April 7, 2021 Lansing, MI (AMN) – Michigan Attorney General Dana Nessel filed a motion to include new information in a case involving three Michigan attorneys and one Texas attorney who pursued a frivolous lawsuit in an effort to disenfranchise Michigan’s voters and undermine public trust in the outcome of the 2020 presidential election.
The new filing seeks to bring forward relevant statements made by Texas attorney Sidney Powell in a motion she filed in a case involving Dominion Voting Systems. Powell made multiple stunning admissions regarding her own statements, even going so far as to say, “no reasonable person would conclude that the statements were truly statements of fact.”
In January, Nessel filed a motion for sanctions against Michigan attorneys Greg Rohl, Scott Hagerstrom and Stefanie Junttila, along with Sidney Powell, for pursuing the case that was frivolous and practically moot from its inception. That motion, filed with federal Judge Linda Parker of the U.S. District Court, Eastern District of Michigan, seeks to recover attorneys fees totaling approximately $11,000.
“These attorneys seemingly made statements they knew were misleading in an effort to further their false and destructive narrative,” said Nessel. “As lawyers, fidelity to the law is paramount. These individuals worked to further conspiracy theories in an effort to erode public trust in government and dismantle our systems of democracy. Their actions are inexcusable.”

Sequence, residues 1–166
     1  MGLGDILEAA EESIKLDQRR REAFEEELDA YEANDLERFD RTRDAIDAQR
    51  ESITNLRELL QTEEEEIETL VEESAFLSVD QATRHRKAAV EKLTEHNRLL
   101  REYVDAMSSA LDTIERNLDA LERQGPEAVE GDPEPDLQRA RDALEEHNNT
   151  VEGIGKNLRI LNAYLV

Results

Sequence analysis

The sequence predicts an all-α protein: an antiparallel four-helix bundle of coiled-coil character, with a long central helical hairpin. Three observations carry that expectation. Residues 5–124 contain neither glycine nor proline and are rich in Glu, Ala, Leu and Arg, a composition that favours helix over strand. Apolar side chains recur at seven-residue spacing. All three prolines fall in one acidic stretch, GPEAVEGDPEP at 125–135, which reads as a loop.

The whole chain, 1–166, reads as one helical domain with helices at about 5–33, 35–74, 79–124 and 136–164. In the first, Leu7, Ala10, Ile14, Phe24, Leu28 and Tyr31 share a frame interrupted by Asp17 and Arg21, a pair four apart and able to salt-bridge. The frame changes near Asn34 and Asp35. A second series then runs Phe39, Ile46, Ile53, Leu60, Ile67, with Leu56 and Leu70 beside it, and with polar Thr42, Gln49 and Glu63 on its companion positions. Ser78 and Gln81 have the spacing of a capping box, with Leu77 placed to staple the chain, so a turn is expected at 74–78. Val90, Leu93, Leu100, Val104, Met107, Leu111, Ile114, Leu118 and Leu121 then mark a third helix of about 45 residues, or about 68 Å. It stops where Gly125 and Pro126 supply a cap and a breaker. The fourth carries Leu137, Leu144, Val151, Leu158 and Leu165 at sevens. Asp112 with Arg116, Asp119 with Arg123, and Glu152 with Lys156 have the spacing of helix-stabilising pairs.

Court filings in King v. Whitmer, which sought to overturn President Joe Biden’s electoral victory in Michigan, were legally frivolous and supported by false evidence. The court swiftly denied the plaintiffs any relief on numerous grounds. Similar lawsuits were filed in Pennsylvania, Georgia, Wisconsin and Arizona, and all failed. Attorneys Powell and Junttila went so far as to brazenly lie in a filing to the U.S. Supreme Court, claiming that the Michigan Legislature had endorsed competing slates of Republican and Democratic electors, when in reality, the Legislature’s leaders stood by the slate of electors chosen by Michigan’s voters.
A copy of the motion is available here.